I’ll get Wayne Rooney on form for you, says Terry Daly to Sir Alex

by Mystical Mike

Saturday, August 21st, 2010
 

Terry Daly, football performance coach and analyst, has an immediate way of getting out-of-form Wayne Rooney back on top again – and keeping him there, using Daly’s correction of conventional coaches’ understanding of ‘weight’ in the movement and manipulation of the ball. “Give me just one session with Wayne Rooney and I guarantee to get him back on top form for the rest of the season,” says Daly.

The details are purely a matter of simple physical science. All three goals scored by Rooney’s colleagues against Newcastle at Old Trafford in Manchester United’s first game of the new season were created by balls whose horizontal pace was controlled by their vertical weight, two of them accidentally.

“Thus Berbatov’s opener resulted from Newcastle defender Jose Enrique’s despairing last ditch toe poke that caused the ball to rise and drop and bounce, enabling Berbatov to set himself to score first time instead of controlling and then shooting (the difference between success and failure),” continues Daly.

“United’s second goal resulted from a double rebound, first off Rooney himself and then Fletcher, that saw the ball drop and bounce twice, enabling Fletcher to set himself for another first time finish.

“United’s third goal was certainly not an accident. Scholes’ deliberate crossfield pass had its horizontal pace perfectly controlled by its rise and drop vertical weight, enabling Giggs to set himself perfectly before volleying home first time.”

Rooney is not the problem, according to Daly. It’s his coaches – at both Manchester United and England – who are, because none of them appreciate the critical distinction Daly draws between vertical weight and horizontal pace in the manipulation and movement of the ball by Rooney and his team mates – and the effect this has on their performance.

Consequently, Rooney and many other of the world’s great players are off form for long periods in their careers. They only regain form via accidentally weighted balls of the type that fell to Berbatov and Fletcher in the game against Newcastle. ‘’It doesn’t have to be like this,’’ says Daly. ‘’It can and should be systematic and practised.”

All Rooney’s coaches have to do, to get him back on form immediately and continuously, is to ensure that he receives balls whose horizontal pace is controlled by their vertical ‘rise and drop’ weight – or else ensure that Rooney generates such balls for himself in the way that Germany’s Mesut Ozil did in the World Cup, when the latter flicked the ball up, let it bounce, set himself and then volleyed it into the net from well outside the penalty area.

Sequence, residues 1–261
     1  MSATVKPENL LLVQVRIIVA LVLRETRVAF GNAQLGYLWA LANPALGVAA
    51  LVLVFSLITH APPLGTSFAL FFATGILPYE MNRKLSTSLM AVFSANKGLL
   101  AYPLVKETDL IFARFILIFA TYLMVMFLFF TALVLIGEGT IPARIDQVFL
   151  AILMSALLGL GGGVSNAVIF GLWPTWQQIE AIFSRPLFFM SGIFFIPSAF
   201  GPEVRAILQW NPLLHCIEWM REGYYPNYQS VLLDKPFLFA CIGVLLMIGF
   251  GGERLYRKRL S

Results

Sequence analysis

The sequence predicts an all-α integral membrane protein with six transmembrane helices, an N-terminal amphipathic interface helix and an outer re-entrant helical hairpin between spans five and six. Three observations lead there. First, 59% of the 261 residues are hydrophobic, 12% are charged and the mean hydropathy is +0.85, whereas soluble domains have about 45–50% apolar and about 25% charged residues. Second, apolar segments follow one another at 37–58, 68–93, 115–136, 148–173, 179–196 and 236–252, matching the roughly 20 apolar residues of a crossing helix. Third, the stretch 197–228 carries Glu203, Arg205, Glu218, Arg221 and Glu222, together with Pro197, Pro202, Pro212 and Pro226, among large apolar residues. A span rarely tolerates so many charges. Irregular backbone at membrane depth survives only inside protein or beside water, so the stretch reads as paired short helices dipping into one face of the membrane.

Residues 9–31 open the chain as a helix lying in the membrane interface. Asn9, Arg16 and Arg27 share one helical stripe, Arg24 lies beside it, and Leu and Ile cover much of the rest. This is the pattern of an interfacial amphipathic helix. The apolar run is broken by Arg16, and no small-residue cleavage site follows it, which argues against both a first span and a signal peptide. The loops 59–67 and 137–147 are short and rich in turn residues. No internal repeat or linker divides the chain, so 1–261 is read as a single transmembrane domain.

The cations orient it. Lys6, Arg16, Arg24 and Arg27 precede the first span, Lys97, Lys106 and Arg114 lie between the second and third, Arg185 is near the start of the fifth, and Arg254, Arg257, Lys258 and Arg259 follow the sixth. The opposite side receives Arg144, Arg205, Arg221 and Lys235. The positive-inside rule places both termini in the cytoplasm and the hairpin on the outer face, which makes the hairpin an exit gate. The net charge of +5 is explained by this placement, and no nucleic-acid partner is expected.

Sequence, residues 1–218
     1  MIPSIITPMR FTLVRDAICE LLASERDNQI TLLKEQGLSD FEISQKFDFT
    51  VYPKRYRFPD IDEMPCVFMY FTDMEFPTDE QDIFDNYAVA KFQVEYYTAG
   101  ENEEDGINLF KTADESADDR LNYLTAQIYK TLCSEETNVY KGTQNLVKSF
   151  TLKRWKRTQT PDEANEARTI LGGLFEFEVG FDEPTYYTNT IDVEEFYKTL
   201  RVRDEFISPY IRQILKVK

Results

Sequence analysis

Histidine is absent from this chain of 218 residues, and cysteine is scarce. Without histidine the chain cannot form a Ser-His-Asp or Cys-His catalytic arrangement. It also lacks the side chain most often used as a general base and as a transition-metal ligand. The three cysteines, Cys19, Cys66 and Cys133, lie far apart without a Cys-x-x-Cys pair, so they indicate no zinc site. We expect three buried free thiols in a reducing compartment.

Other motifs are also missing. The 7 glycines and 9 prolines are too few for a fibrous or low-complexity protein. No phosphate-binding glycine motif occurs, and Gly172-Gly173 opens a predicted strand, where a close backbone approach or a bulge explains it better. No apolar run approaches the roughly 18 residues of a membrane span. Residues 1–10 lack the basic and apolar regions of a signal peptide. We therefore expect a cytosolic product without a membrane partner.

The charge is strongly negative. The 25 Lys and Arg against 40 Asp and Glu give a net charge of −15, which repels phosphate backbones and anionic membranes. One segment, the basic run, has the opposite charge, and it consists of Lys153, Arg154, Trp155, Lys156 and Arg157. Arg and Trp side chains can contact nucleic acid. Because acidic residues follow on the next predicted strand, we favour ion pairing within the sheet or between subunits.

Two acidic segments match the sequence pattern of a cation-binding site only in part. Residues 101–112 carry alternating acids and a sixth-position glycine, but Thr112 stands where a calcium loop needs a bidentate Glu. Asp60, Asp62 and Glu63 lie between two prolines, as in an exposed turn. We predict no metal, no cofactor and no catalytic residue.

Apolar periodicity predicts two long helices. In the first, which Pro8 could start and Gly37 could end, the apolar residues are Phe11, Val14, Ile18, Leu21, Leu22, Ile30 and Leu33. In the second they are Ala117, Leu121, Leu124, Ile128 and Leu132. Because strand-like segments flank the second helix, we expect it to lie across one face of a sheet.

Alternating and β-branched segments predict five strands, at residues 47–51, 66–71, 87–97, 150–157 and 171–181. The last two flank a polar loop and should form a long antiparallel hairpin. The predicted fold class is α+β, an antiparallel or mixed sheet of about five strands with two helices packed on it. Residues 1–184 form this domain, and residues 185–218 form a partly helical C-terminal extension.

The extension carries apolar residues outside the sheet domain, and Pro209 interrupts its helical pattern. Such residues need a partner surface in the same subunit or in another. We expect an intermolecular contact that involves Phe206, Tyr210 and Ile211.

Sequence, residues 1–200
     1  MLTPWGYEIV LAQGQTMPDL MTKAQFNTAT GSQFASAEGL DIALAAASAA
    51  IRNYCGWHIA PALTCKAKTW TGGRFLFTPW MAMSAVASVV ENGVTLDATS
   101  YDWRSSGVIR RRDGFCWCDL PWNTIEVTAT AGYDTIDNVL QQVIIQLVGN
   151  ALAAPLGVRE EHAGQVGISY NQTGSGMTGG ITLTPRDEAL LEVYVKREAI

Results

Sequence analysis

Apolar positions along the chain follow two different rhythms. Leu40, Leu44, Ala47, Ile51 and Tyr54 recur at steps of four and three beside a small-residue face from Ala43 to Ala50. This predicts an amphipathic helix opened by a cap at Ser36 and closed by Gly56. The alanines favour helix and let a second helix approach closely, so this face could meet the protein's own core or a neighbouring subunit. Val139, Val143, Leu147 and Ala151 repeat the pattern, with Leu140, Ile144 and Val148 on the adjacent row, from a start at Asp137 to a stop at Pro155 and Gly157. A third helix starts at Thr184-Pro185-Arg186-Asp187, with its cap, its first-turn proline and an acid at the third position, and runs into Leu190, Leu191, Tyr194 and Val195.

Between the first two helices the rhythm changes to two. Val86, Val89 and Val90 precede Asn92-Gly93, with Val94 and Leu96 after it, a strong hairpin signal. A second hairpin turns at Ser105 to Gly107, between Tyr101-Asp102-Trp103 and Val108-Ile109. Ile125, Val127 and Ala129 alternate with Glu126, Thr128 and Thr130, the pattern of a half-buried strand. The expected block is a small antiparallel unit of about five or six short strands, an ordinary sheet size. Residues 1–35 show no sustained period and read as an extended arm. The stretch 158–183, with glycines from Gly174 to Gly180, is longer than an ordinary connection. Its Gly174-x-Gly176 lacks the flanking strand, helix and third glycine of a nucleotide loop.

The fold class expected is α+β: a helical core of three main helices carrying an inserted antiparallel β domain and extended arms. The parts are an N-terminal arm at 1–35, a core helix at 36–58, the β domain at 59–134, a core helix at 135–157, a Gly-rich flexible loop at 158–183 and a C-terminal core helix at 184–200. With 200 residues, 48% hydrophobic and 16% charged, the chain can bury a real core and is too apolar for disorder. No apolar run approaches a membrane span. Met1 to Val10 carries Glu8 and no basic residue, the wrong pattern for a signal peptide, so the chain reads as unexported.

The key point is that Rooney’s coaches cannot guarantee to achieve this with Rooney and his team mates until they accept Daly’s distinction between vertical weight and horizontal pace in the manipulation and movement of the ball. At present Rooney’s coaches (and Rooney himself) view weight and horizontal pace as one and the same thing, namely horizontal pace, hence their collective problem.

Daly’s unique formula for top football performance – use vertical weight to control the horizontal pace of the ball – is disarmingly simple but it applies to every manipulation of the ball in a game, from passing to shooting to control of the ball. It guarantees instant success and player confidence because it works in every instance.

Equally importantly, it obviates the need for clubs to spend countless millions of pounds buying players who are currently on form for other clubs – and then discard them when they fail to perform at their new club. The financial impact of implementing Daly’s insights would be as transformative for clubs as the performance impact with club players.

Rooney’s performance against Newcastle proved that he is still off form, despite the best efforts of Manchester United first team coach, Rene Meulensteen, using all that conventional coaching knows.

Only Terry Daly has a provable alternative to conventional coaching’s methods regarding player performance and player confidence, one which he is ready and able to implement with Rooney urgently and successfully.

Otherwise Rooney is doomed to continue with his current off-form performances, unless he gets lucky in the ways that Berbatov and Fletcher did against Newcastle when they scored – or gets found with a pass as rare and as perfectly weighted and paced as Scholes’ pass to Giggs for the third goal. Such passing would be routine and universal with Daly’s formula in place.

Alternatively, Sir Alex might get to read this and himself implement Daly’s prescription for Rooney’s problem.

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  • just me

    nonsense, stay away from rooney with all that balls. Science has its place but this rubbish does not. This guy clearly wants to make a name and fortune for himself and wants to use Rooney as a springboard. Stay away Daly

  • http://www.f1merchandise.info/ f1 clothing

    Ah, Wayne Rooney… God gave him a great gift with his footballing skills pity he didn’t throw in a brain

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